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I learned this question from math.stackexchange, which is equivalent to ask that if $f:[0,1]\to \mathbb{R}$ is a continuous function with bounded variation, does $$g(x):=\lim_{\epsilon\to 0}\frac{f(x+\epsilon)-f(x-\epsilon)}{2\epsilon}$$ exist for every $x\in[0,1]$ imply that $f$ is absolutely continuous?If the answer is "no", what if $g$ is additionally assumed being integrable or continuous?

Moreover, if we do not know whether $f$ is of bounded variation or not, what can we say about the differentiability of $f$? For example, if $g\equiv 0$, will $f$ be a constant?

Any help is appreciated.

Edit: I think the original question cited from math.stackexchange has been solved by the asker himself there, which is based on the Vitali covering theorem for Radon measures on $\mathbb{R}^n$. For my own question, where $f$ is not assumed to be of bounded variation a priori, Jack Huizenga's answer is good enough for me.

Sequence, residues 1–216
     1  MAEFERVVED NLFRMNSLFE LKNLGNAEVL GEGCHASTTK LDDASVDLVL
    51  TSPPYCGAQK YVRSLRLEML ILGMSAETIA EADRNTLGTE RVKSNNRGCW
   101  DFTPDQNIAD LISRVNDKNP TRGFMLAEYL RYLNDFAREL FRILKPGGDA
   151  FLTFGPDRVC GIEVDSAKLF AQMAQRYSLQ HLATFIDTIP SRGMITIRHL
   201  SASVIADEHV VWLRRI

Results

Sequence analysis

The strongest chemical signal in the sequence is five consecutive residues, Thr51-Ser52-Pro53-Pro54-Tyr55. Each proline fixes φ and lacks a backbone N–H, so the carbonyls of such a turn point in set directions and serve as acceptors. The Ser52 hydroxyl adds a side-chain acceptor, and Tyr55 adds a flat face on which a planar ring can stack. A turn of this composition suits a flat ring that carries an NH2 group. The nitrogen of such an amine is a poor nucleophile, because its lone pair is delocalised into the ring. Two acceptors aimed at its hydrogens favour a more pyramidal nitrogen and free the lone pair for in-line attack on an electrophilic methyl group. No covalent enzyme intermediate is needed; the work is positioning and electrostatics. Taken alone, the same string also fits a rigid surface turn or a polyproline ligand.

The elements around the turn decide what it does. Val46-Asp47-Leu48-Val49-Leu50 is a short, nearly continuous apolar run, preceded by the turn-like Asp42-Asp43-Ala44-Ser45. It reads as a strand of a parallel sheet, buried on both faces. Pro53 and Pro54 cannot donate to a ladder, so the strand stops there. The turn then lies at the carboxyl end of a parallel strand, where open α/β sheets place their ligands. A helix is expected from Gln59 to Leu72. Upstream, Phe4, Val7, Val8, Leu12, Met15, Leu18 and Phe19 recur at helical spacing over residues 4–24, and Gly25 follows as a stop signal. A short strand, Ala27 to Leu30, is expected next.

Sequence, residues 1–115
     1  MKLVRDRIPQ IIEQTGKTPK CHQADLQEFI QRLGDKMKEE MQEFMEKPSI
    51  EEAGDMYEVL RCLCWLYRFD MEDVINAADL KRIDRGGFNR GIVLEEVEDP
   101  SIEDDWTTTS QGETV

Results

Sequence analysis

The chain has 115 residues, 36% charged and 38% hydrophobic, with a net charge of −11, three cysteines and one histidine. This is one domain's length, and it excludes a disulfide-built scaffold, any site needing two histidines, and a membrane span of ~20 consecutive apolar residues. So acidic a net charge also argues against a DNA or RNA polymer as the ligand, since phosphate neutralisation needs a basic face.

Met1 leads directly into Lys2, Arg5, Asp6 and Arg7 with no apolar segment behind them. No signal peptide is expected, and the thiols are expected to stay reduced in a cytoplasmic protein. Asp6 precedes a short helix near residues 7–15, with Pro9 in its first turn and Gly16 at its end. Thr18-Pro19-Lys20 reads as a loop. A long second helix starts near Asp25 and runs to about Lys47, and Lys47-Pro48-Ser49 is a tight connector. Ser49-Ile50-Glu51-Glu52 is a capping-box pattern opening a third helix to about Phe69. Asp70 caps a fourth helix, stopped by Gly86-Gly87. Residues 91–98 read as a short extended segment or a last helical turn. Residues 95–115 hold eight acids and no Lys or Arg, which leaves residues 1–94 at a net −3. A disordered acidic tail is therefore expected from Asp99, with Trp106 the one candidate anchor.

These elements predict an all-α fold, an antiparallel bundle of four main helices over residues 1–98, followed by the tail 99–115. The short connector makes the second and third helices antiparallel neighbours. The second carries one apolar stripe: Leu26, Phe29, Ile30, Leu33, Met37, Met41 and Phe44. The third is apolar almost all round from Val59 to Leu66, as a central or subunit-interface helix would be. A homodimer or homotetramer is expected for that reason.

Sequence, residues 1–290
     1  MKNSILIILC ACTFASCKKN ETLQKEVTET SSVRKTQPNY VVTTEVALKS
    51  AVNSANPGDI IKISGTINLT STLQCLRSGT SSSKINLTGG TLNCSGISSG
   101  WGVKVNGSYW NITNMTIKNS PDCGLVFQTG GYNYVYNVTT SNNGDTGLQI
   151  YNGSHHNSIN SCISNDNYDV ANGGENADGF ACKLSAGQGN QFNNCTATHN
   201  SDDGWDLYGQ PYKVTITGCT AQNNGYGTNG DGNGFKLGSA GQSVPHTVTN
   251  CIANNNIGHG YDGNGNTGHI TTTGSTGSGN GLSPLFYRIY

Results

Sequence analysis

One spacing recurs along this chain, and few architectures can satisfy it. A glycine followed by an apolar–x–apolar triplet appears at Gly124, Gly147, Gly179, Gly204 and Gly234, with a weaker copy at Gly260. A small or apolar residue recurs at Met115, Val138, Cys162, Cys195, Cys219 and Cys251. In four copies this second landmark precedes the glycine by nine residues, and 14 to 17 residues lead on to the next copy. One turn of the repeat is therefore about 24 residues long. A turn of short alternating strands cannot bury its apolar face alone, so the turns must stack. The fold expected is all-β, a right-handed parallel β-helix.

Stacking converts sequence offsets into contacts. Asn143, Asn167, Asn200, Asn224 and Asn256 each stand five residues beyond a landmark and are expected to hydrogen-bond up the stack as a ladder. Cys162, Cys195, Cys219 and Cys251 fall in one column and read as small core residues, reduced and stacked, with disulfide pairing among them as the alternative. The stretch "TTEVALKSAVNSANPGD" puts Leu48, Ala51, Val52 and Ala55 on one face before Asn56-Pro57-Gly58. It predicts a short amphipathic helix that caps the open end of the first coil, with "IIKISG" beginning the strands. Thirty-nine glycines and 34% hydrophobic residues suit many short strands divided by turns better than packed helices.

2 added 332 characters in body

I learned this question from math.stackchangemath.stackexchange, which is equivalent to ask that if $f:[0,1]\to \mathbb{R}$ is a continuous function with bounded variation, does $$g(x):=\lim_{\epsilon\to 0}\frac{f(x+\epsilon)-f(x-\epsilon)}{2\epsilon}$$ exist for every $x\in[0,1]$ imply that $f$ is absolutely continuous? If the answer is "no", what if $g$ is additionally assumed being integrable or continuous?

Moreover, if we do not know whether $f$ is of bounded variation or not, what can we say about the differentiability of $f$? For example, if $g\equiv 0$, will $f$ be a constant?

Any help is appreciated.

Edit: I think the original question cited from math.stackexchange has been solved by the asker himself there, which is based on the Vitali covering theorem for Radon measures on $\mathbb{R}^n$. For my own question, where $f$ is not assumed to be of bounded variation a priori, Jack Huizenga's answer is good enough for me.

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Does a weaker condition than vanishing derivative imply a function being constant?

I learned this question from math.stackchange, which is equivalent to ask that if $f:[0,1]\to \mathbb{R}$ is a continuous function with bounded variation, does $$g(x):=\lim_{\epsilon\to 0}\frac{f(x+\epsilon)-f(x-\epsilon)}{2\epsilon}$$ exist for every $x\in[0,1]$ imply that $f$ is absolutely continuous? If the answer is "no", what if $g$ is additionally assumed being integrable or continuous?

Moreover, if we do not know whether $f$ is of bounded variation or not, what can we say about the differentiability of $f$? For example, if $g\equiv 0$, will $f$ be a constant?

Any help is appreciated.